Rape is more than a statistic

Editor’s Note: The author, Amber Hill, is a student in the spring 2011 Women’s Studies Program Feminist Theory course at The University of Akron.

Rape.  The very mention of the word makes a sick, debilitating feeling slither through your whole body. Your blood curdles, and your skin feels like you have a million festering wounds gaping open.

In that second, when that word is still hanging in the air, engulfing every ounce of oxygen you try to breathe, your soul is writhing inside of you, and you feel too much to comprehend.

When it’s over, when that whole second has passed, it is now a taste. A smell. A ringing in your ears. You feel like you just made it out of somewhere no one was ever meant to go.

Put rape into context

We know what rape is. We all know how horrible it is.  It is one of the worst things that can be done to a person.  Yet it happens to women every day. Two hundred and forty times a day actually.  A woman is raped every six minutes.

Do not make it just a statistic. Stop and think about it. Put it into context. How many hours do you sleep? Times that by 10, and that is how many women got raped while you slept. Why? Is that a question without an answer? Maybe, but maybe not.

Rape is about power. It is not sexual. It is about making someone see they are less, they are weak, and they are not in control. It is about dominance.

Who gets raped? Women. Men are at the top in our society; according to the world, they are in control. There are certain expectations of women in our society. What we should do and what we should not do. How we should act, what we should say and what we should not. Women get punished for not doing what they are expected. Women cannot have power over men. To men, a good way to show her that is to rape her.

Research study shows women get the blame

The funny thing is that we blame women for being raped. I know, sounds absurd right?  There have been plenty of studies done on victim blame in rape cases. And yes, we blame women, but guess who gets blamed more for their rape. Women who are not acting like women “should” act.

Studies have also shown that women who have had sex before get less sympathy for being raped, and women who are sexually promiscuous get little to no sympathy and are fully blamed.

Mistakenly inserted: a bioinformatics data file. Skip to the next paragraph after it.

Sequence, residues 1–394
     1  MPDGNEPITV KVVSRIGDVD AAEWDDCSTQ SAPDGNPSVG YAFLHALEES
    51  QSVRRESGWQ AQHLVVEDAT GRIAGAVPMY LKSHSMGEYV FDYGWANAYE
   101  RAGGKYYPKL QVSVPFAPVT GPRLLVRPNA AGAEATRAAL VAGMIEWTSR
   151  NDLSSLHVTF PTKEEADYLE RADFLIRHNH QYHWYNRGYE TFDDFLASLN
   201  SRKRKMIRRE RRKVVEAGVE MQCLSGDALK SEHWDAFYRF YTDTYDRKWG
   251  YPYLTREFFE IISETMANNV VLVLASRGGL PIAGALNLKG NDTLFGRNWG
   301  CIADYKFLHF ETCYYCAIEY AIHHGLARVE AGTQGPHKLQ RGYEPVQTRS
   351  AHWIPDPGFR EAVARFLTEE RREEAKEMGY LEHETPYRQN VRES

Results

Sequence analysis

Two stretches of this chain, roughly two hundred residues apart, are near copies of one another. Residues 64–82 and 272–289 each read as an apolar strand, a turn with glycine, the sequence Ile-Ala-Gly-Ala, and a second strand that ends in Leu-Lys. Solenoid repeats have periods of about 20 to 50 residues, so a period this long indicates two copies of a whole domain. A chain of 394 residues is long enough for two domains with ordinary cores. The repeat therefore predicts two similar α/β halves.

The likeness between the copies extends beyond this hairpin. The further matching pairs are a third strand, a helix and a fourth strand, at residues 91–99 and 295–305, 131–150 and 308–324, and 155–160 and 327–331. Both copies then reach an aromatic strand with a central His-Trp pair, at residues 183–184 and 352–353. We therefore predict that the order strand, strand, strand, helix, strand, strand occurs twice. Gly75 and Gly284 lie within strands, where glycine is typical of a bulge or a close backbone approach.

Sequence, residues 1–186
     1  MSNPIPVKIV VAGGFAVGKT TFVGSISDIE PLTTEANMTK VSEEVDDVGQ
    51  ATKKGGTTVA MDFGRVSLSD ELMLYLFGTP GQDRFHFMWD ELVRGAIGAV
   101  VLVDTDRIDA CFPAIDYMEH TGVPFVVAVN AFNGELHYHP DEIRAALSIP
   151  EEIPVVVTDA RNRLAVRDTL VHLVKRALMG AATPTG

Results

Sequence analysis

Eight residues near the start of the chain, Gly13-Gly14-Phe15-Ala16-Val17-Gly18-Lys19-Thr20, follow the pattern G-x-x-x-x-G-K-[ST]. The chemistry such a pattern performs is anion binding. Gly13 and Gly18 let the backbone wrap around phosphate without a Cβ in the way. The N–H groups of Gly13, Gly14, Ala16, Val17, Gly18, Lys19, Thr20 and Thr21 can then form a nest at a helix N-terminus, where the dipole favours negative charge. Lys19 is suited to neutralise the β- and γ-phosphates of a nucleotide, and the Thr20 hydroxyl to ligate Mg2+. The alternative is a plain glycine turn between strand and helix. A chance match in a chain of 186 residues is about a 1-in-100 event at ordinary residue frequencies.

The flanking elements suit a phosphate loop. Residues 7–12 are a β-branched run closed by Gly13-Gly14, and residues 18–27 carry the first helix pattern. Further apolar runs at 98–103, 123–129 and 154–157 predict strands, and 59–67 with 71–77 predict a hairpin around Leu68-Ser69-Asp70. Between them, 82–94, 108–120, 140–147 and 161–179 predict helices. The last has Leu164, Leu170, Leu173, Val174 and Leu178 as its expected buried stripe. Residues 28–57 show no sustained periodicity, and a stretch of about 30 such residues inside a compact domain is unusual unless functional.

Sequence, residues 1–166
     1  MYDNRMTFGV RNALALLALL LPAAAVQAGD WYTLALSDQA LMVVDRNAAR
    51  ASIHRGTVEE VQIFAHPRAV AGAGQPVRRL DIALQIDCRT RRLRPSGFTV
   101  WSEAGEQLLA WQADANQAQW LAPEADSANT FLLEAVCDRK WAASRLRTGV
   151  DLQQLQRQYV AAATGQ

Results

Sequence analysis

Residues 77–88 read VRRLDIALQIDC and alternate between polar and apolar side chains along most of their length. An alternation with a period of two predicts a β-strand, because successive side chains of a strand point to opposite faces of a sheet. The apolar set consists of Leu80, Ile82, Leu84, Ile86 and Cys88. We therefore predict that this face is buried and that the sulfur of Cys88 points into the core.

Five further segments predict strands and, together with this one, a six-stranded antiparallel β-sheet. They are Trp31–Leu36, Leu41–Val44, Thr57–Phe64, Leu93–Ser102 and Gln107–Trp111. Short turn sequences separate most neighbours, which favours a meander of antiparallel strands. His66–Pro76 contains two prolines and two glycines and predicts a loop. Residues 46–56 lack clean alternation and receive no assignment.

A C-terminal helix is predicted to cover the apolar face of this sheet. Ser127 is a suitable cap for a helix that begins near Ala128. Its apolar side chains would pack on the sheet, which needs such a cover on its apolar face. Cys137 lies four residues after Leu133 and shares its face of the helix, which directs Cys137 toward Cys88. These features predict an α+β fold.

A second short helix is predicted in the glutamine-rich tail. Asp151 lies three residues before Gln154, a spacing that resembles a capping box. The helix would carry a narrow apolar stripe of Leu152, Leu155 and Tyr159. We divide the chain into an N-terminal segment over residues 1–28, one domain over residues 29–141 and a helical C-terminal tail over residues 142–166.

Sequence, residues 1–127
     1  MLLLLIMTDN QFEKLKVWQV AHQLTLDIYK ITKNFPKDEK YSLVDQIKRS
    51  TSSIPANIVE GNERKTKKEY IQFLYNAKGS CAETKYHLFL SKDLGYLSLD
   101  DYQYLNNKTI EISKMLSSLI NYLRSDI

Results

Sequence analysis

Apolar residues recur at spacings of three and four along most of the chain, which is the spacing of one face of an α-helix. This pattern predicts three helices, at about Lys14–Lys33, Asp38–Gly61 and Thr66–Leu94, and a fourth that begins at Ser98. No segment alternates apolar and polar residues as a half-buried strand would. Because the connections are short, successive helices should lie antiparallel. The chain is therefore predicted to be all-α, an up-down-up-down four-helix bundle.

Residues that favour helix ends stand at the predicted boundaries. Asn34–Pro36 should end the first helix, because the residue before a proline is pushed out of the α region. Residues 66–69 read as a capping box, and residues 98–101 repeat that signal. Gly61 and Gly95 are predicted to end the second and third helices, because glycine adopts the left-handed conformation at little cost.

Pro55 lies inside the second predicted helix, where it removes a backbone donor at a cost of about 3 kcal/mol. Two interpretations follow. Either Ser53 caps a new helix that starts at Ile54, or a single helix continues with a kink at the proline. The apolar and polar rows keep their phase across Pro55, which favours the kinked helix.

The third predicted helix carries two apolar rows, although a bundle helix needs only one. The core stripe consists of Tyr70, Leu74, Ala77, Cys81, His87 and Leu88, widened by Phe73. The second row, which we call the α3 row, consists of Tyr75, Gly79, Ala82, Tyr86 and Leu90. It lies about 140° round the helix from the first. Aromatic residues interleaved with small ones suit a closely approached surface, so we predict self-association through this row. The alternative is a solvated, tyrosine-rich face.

Certain non-stereotypical characteristics of women make them more prone to be blamed. A woman who is not acting in the stereotypical way for a woman is blamed for her rape!

I conducted a research study in which 300 participants of mixed gender, age, race and class, viewed two rape scenarios. One of a stereotypical (traditional) woman, at home cooking dinner waiting for her husband and children to get home and then she is raped. The other is of a non-stereotypical (nontraditional) woman, a woman in  college, at a party talking with a guy, then he rapes her.

After many tests, it was found that significantly more people blamed the nonstereotypical (nontraditional) woman. It was her fault, she asked for it, the boy should not feel guilty and he is not to blame. But for the traditional woman (at home where she belongs) it was opposite; no one blamed her.

Another test I ran was to see if men attributed more blame to women, overall, for being raped. This seemed like an obvious yes. Surprisingly, for my study, men did not attribute more blame than women did it. Most men and most women blame women for being raped. I have found studies that yielded results for both, men blaming women slightly more and it coming out as mine did. But regardless, most women are blaming women for being raped either way.

What we can do

We need to band together and help each other, not conform to this patriarchal society that blames women for being raped by men. It is completely foolish and preposterous to blame women for such a horrid act that is forcibly done to her.

It will only be us who will stop it; we have to do something about it. I believe it is the lack of education and knowledge, of men and women that cause most people to conform to society and be judgmental toward women, even as victims of rape.

Sources for more information


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